Literature can be divided into two main categories: non-fiction and fiction.
Fiction is divided into genres and subgenres. When writing a novel, the first thing the writer must choose is the genre of the book and any subgeneres.
Below is a list of the most basic fiction genres.
Children’s Fiction: books written for young kids. Subgenres include contemporary, comedy, historical, fantasy and science fiction. Examples include Wrinkle in Time, Number the Stars and Captain Underpants.
Christian Fiction: books with a Christian theme and moral boundaries. Includes all subgenres. Examples include Mark of the Lion Series (Historical), Onoma Series (Dystopian), Chronicles of Narnia (Children’s) and the Pawn (Horror).
Comedy: books that make the readers laugh and usually have a happy ending. Subgenres include satirical comedy, dark comedy, romance comedy and action comedy. Examples include Catch-22, A Confederacy of Dunces and Bridget Jones’s Diary.
Historical Fiction: books that are set in history. Subgenres include western, time-travel, romance, steampunk, alternate history and Regency (Jane Austen’s time period) fiction. Examples include The Book Thief, Beloved, Ben Hur and Outlander.
Literary Fiction: books that are serious in nature and highly esteemed. Subgenres include contemporary, historical, drama, allegory and speculative. Examples include Jane Eyre, Life of Pi , 1984 and To Kill a Mockingbird.
Middle Grade: books written for 8 – 12 years olds. Includes all subgenres. Examples include Wonder, Diary of a Wimpy Kid and Interstellar Pig.
Mystery: the main character (protagonist) is trying to find the truth and/or solve the crime that has already occurred using their intellect and clues. The protagonist is usually not in danger. The protagonist knows more than the reader. Subgenres include cozy mysteries, private eye, crime and detective. Examples include Murder on the Orient, Murder She Wrote and Agatha Christie books.
Suspense: the protagonist is trying to stop the crime from happening. The protagonist becomes aware of danger. The protagonists knows less than the reader, which creates suspense. Subgenres include historical, action, crime and comedy. Examples include the Stephanie Plum books, the Girl on a Train and Sharp Objects.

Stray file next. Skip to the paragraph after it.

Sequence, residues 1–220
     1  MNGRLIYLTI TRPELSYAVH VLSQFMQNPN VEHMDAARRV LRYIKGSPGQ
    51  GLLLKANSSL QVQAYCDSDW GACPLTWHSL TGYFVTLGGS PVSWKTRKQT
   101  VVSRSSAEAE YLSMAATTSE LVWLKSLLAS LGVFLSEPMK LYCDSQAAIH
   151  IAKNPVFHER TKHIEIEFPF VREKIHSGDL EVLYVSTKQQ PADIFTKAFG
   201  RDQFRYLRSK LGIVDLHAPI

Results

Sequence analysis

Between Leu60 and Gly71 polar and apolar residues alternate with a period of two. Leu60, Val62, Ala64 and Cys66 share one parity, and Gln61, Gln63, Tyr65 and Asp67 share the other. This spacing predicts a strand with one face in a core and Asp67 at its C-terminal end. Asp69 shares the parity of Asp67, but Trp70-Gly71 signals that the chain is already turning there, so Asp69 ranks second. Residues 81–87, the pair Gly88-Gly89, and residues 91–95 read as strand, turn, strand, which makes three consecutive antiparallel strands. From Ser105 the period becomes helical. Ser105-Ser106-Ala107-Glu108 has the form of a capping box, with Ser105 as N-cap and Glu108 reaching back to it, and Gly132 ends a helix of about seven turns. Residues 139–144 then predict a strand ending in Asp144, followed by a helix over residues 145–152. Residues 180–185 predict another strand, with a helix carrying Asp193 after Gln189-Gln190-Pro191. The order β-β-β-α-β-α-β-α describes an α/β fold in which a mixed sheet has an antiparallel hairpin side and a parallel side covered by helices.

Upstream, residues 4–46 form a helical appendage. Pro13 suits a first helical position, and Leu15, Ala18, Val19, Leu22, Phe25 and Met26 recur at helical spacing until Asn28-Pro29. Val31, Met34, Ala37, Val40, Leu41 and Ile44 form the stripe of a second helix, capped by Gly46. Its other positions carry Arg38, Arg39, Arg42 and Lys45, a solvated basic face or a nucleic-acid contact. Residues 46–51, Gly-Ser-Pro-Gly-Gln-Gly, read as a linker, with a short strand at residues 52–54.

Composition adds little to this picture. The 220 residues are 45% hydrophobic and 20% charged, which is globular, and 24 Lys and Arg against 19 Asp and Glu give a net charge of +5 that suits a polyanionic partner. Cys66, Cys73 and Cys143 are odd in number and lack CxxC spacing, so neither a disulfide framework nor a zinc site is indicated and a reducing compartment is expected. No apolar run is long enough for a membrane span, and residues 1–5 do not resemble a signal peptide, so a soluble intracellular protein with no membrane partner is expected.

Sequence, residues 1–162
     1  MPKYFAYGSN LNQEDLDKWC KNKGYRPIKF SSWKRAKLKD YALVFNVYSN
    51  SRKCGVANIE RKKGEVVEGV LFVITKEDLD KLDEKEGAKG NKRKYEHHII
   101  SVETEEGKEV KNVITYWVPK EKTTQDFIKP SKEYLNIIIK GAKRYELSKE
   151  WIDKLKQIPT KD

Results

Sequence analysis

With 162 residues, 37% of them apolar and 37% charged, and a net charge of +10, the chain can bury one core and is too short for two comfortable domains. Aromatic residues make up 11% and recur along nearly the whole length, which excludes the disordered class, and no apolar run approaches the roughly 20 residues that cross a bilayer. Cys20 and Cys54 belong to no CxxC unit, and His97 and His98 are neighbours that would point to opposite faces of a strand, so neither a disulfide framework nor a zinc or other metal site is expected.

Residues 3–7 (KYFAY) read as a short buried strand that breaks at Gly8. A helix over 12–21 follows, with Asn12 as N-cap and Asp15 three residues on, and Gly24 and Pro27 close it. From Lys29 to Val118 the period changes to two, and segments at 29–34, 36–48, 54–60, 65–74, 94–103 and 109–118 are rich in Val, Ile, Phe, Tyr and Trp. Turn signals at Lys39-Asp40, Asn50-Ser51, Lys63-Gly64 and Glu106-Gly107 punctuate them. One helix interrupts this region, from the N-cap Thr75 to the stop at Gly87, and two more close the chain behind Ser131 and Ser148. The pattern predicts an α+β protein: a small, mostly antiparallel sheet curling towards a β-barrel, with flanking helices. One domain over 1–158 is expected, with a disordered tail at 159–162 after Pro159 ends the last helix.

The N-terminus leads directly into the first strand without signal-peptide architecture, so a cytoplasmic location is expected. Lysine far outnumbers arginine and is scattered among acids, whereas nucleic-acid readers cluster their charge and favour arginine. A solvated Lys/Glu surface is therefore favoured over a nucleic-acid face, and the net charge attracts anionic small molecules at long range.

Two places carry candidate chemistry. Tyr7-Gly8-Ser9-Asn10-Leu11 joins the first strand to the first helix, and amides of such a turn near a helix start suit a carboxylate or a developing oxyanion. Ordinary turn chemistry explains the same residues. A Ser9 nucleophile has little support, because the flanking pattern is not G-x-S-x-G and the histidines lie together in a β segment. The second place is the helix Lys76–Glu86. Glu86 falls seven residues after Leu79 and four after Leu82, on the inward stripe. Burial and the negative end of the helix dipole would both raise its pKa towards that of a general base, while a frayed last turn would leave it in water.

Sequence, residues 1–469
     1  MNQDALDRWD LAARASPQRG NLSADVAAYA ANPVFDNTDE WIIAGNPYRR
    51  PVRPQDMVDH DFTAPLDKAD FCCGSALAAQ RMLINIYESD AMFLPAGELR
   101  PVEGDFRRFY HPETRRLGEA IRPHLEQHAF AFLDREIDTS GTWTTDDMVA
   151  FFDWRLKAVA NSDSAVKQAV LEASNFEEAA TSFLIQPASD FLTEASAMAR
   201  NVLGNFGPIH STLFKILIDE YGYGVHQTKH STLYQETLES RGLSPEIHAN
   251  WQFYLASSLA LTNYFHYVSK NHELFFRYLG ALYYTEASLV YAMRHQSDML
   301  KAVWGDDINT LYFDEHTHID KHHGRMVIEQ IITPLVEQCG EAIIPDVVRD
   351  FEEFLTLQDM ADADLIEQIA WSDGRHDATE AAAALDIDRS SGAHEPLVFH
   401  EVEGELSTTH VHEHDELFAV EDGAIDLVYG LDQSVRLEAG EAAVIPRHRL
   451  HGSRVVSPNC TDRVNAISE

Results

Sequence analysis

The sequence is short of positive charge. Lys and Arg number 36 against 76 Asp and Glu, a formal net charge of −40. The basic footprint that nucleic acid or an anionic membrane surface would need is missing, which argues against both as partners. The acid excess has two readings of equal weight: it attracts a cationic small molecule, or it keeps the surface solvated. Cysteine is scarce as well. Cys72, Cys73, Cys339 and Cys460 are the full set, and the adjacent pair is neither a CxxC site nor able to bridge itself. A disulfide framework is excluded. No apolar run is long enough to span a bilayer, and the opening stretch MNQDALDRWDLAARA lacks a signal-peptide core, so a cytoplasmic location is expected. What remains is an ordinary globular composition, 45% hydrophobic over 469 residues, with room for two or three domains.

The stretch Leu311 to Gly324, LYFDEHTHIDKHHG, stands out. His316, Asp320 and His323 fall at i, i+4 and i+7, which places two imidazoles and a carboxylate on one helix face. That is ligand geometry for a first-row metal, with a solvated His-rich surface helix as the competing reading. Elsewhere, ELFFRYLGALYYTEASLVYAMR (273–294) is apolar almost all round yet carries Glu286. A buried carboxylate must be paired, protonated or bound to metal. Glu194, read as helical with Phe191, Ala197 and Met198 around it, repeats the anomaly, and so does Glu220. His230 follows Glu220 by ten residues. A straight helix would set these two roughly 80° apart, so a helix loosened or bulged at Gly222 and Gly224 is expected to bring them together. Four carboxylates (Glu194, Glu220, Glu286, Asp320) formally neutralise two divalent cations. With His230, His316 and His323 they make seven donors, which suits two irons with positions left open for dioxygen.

Thriller: the protagonist is in danger and tries to stay ahead of the impending doom. Subgenres include action and crime. Examples include James Bond, The Da Vinci Code and Silence of the Lambs.
Romance: the story focuses on relationships and love. Subgenres include comedy, historical and mystery. Examples include The Notebook, Bet Me and The Vow.
Speculative Fiction is the umbrella for dystopian, fantasy, horror and science fiction.
Dystopian: the story is set in a dark, alternate reality and characters have to deal with new political and social structures. Hunger Games, The Maze Runner and Brave New World.
Fantasy: High Fantasy is completely set in a fictional world. Low Fantasy is set in the real world with fictional attributes. Examples include Lord of the Rings (High Fantasy), Game of Thrones (High Fantasy), Star Wars (High Fantasy also sci-fi), Conan the Barbarian (Low Fantasy) and Harry Potter (Low Fantasy).
Horror: a story which elicits emotions of fear, disgust and terror. Examples include The Exorcist, The Shining, Jaws and Frankenstein.
Science Fiction: a story based on future scientific advancements in technology that occurs in space, on other planets, with time travel or with aliens. Examples include Hitchhiker’s Guide the the Universe, Edge of Tomorrow, Dune and Star Trek.
Young Adult (YA) Fiction: books written for 12- 18 years old. Includes all subgenres. Examples include Holes, The Fault in our Stars, Divergent and Ready Player One.
Write in the genre you read the most. Find your genre niche, and you will find your target audience!
If you are interested in YA and Fantasy Fiction, purchase Alisa’s book, F’lorna of Rodesh on Amazon!